Dear Dr. Meg- Grandparent Woes

Ask Dr. Meg: real questions, real answers. If you'd like to ask me a question, leave a comment on this blog post and I'll do everything I can to get to it!
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Last Updated
April 22, 2019
posted on
October 16, 2014
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2
Minute Read

Dear Dr. Meg,

Our granddaughter is 8 years old and when both sets of grandparents

are together she openly hugs and prefers them to us.

How do we approach her to let her know how much this hurts us?

Dear Grandparent,

Motivating a child (especially one as young as 8 years old) by using guilt never works so don’t do this. Telling your granddaughter that your feelings get hurt when she shows favoritism to her other grandparents is not appropriate. The better question to ask yourself is: why does she prefer them to you? Are they more affectionate? Do they buy her more things? Sometimes parents play into children’s attitudes and talk more positively about one set of grandparents than the other and bias their children. Could her parents be doing this?

Here’s what I suggest that you do. Without getting into a competition with her other grandparents, work at winning her affections. Ask if you can take her alone for the day or night and spend more time with her. Do fun things with her like take her to the park, or go on a bike ride. Don’t fall into the trap of buying her things to win her favor. What she will respond to is genuine interest and affection. Let her know that you really enjoy her company and that she is the apple of your eye.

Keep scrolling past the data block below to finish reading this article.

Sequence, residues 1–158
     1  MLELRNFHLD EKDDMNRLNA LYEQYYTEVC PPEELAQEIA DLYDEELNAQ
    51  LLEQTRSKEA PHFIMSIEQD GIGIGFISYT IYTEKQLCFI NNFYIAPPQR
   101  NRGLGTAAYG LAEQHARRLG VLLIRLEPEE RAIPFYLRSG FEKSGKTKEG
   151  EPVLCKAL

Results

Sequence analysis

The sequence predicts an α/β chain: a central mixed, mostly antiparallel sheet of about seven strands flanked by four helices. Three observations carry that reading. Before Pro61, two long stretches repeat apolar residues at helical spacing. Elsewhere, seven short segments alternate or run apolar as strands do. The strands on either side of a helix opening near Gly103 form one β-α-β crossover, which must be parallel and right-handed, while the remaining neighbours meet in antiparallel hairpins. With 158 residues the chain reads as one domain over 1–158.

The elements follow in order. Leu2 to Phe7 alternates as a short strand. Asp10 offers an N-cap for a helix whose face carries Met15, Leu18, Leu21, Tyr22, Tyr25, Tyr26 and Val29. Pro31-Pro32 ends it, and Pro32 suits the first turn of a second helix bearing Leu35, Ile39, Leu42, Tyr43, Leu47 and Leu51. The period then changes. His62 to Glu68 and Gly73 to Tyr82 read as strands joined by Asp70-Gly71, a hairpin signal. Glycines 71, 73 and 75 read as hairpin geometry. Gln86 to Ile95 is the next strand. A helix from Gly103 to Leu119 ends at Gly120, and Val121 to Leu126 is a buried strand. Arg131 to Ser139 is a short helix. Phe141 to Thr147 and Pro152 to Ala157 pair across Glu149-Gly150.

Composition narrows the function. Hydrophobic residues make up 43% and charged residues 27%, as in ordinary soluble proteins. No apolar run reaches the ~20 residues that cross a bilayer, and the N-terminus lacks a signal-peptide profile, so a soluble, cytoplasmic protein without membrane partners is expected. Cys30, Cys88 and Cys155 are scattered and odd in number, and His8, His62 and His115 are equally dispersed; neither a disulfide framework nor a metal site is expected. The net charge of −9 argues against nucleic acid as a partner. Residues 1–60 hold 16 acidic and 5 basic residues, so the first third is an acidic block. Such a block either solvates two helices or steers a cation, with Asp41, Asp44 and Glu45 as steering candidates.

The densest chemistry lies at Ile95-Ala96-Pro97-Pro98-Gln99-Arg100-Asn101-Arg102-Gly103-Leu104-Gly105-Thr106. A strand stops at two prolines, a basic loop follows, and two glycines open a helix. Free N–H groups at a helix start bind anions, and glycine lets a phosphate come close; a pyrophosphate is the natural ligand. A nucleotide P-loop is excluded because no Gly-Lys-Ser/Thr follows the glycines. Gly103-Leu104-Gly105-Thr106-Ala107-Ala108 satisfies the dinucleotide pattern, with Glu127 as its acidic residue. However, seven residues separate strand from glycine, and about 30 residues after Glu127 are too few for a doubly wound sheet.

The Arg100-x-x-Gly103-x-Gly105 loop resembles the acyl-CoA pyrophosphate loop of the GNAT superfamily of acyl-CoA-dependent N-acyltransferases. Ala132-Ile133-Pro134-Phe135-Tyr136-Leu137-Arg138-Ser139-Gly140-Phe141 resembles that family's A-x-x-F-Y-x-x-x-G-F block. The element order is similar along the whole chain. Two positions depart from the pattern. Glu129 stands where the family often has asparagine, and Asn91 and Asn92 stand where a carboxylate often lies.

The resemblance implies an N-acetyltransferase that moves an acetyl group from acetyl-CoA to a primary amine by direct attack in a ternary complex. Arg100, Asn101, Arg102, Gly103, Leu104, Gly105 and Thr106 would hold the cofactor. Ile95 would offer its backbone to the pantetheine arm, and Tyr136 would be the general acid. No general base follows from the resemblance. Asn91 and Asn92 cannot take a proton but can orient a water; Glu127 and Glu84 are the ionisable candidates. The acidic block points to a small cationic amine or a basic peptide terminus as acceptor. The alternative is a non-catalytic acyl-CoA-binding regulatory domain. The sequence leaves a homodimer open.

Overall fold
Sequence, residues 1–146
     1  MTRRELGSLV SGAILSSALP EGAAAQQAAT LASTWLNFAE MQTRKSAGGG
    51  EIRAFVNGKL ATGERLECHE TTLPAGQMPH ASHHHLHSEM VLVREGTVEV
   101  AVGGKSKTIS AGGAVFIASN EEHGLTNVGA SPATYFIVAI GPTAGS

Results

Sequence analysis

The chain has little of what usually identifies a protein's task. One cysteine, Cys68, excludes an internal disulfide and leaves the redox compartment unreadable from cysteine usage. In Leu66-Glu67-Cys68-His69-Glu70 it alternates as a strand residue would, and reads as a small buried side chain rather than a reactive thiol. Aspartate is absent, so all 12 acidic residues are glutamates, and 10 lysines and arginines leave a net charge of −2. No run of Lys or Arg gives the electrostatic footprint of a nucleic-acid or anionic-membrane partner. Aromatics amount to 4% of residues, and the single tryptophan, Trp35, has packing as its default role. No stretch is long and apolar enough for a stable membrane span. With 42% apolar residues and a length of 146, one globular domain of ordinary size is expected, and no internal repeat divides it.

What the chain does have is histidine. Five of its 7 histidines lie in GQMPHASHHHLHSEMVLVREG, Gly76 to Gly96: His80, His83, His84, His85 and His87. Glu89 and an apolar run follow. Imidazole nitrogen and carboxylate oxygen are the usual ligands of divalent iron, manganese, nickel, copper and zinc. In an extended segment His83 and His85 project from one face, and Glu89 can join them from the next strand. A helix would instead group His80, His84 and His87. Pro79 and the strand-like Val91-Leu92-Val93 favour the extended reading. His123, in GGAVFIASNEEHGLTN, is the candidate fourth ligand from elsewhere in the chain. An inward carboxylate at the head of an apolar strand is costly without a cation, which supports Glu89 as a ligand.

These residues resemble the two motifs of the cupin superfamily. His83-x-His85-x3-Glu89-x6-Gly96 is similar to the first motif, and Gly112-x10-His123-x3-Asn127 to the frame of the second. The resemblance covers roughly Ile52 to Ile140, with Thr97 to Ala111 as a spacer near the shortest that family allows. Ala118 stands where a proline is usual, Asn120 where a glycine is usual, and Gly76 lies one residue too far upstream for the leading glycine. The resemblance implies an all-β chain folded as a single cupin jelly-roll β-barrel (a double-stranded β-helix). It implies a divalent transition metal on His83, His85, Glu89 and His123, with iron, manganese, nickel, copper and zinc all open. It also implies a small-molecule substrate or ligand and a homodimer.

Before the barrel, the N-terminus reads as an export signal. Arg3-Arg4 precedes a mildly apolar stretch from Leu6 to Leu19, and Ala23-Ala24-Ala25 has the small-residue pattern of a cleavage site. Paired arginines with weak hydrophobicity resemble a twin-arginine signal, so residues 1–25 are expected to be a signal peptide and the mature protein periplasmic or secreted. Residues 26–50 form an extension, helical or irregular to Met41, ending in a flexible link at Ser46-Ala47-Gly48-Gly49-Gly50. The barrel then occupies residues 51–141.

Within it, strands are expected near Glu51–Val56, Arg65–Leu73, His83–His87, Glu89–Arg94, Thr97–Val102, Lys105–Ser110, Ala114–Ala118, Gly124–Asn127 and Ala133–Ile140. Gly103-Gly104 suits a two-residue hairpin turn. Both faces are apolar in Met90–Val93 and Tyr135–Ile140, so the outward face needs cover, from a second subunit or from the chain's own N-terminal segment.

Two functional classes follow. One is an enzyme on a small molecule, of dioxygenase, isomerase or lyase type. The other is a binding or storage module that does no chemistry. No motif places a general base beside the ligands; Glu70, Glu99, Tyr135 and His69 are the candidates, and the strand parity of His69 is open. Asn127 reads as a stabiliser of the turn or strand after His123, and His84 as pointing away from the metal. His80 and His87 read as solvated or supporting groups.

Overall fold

The other question (and this is a hard one) is to ask yourself if there is anything that you are doing that would turn her away? Are you critical of her or her parents? Or do you or her grandfather speak negatively when she’s around? Children are very sensitive to others’ moods and to criticism. They will quickly avoid those who are negative so you might want to take inventory regarding your own behavior.

The good news is that your granddaughter is young and you have time on your side. Reach out to her repeatedly. Finally, I would ask her mother or father (whichever you feel closest to) what you can do to help her. Don’t complain that you aren’t liked as much as the other set of grandparents, but simply tell the parent that you want a better relationship with her and ask for their help. I’m sure that he/she will have a lot of ideas.

Signed,

Dr. Meg

Dr. Meg Meeker, MD

Practicing pediatrician, parent, grandparent, coach, speaker, and author. Say hello @MegMeekerMD

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